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Origins of the Cold War Post
by Pascal Beckert-McGirr - Wednesday, March 16, 2016, 05:10 PM
 


The period of the cold war spans arguably from 1947-1991 however the causes stem much farther back. It can be argued that it was the result of the U.S. and the U.S.S.R’s different internal systems. The United States was concerned with the treatment of Jews and others inside of Russia in the 19th century. Political dissenters, Jews, and any others whom the leader disagreed with could be sent to Siberia, a prison like area of eastern russia. Prisoners would be forced to walk thousands of miles in chains fighting the harsh climate and the hostile environment. George Kennan brought to light the injustices of Siberia through lecturing throughout the United States after visiting Russia to document what the prisons were like. However in 1917 during the October Revolution, Bolsheviks staged a Coup d’Etat against the government who had recently overthrown the Tsar. This new group of people were creating a nation in which they wanted to provide services, freedom and equality for everyone. They were striving to create a marxist economy where they could ensure no competition. In the United States at the time the ideologies were far different. The government was encouraging competition, free enterprise and a Laissez faire system. These two conflicting ideas can be seen as a major cause of the Cold War. Without the U.S. pursuing a Capitalist economy and the Soviet Union advocating for a Communist economy perhaps many conflicts such as Vietnam, and Korea could have been avoided.

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Re: Origins of the Cold War Post
by EMMA ATLAS - Wednesday, March 16, 2016, 05:58 PM
 

The cold war was a result of the US and the USSR's different internal system, and I believe that this was the most important cause. The cold war stemmed from mutreal distrust mainy on the side of the uS who was fearful of the communism that had overrun Russia and this played a big part in their relations leading up to the Cold War.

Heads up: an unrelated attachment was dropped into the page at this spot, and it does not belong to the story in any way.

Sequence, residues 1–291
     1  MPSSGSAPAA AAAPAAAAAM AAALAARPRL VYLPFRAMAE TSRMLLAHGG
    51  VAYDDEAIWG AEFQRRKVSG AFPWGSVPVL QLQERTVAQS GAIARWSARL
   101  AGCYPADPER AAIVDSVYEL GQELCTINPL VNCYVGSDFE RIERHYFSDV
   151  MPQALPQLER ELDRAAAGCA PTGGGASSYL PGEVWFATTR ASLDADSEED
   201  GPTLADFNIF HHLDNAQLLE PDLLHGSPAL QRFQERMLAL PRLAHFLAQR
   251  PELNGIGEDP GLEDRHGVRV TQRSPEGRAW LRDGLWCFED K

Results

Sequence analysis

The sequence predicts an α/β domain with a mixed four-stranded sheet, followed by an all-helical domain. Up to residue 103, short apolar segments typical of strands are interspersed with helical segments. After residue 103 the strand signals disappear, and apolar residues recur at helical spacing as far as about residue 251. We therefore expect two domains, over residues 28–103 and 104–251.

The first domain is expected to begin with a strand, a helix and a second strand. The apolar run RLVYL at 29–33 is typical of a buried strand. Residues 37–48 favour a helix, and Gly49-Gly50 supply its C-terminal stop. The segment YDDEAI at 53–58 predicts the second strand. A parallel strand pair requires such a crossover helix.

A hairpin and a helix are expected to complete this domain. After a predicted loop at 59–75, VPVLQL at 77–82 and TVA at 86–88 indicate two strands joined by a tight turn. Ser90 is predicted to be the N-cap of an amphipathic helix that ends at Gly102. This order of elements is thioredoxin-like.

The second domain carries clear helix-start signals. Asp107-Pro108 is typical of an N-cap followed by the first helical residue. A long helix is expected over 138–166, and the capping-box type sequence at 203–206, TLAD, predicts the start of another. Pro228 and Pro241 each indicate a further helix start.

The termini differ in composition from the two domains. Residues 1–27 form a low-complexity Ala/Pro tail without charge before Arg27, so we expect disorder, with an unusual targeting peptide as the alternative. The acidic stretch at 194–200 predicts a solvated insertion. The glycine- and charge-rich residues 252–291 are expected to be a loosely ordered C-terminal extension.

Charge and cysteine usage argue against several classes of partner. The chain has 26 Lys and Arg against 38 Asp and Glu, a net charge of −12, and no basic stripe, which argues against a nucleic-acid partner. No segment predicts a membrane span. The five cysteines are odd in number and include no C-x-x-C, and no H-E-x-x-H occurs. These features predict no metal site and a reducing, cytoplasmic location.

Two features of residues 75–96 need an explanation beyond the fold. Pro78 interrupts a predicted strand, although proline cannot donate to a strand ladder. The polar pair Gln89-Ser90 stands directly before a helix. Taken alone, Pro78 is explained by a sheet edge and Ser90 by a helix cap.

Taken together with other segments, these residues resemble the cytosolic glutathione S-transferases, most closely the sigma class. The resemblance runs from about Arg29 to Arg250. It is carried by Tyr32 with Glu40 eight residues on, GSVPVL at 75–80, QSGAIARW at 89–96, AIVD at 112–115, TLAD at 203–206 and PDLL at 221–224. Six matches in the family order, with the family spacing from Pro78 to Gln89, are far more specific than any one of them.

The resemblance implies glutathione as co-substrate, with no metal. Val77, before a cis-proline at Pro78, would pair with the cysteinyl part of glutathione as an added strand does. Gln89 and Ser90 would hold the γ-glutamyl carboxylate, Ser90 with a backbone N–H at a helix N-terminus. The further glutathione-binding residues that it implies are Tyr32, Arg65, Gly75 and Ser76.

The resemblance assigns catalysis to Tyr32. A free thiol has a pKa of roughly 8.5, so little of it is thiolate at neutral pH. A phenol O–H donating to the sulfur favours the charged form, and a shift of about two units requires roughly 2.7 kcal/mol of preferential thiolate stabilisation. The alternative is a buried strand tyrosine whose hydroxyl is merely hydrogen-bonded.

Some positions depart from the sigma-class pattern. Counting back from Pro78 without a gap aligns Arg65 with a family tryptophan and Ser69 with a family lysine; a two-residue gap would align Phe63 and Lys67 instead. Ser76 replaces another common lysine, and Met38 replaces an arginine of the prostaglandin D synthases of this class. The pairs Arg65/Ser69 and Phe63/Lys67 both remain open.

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Re: Origins of the Cold War Post
by TARA JONES - Wednesday, March 16, 2016, 07:05 PM
 

I definetly think this was one of the important causes, I think it's good to keep in mind that this was only one and that it was long term. But I think its interesting how many  of the causes may have panned out to affect different aspects of US history

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Re: Origins of the Cold War Post
by MOHAMED SAMATER - Wednesday, March 16, 2016, 07:28 PM
 

I agree the the difference between Soviet and American ideals were a direct cause to the Cold War and this could be seen in Wilson's 14 Points speech, in which he decided to battle Bolshevelism's spread around the world and offering the idea of a world that contained a sense of peace, self-determination, and private enterprise. Wilson's 14 points speech did not only display the difference between the Soviet Union and Russia, but it offers to see that the difference between ideals spreaded to different platforms, such as politics. 

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Re: Origins of the Cold War Post
by LAURA GILL - Wednesday, March 16, 2016, 10:38 PM
 

I agree that though the Cold War is often attributed to immediate cause and effect, earlier events, such as the ones that you stated support E. H. Carr's theory about immeadiate, intermediate, and long term causes.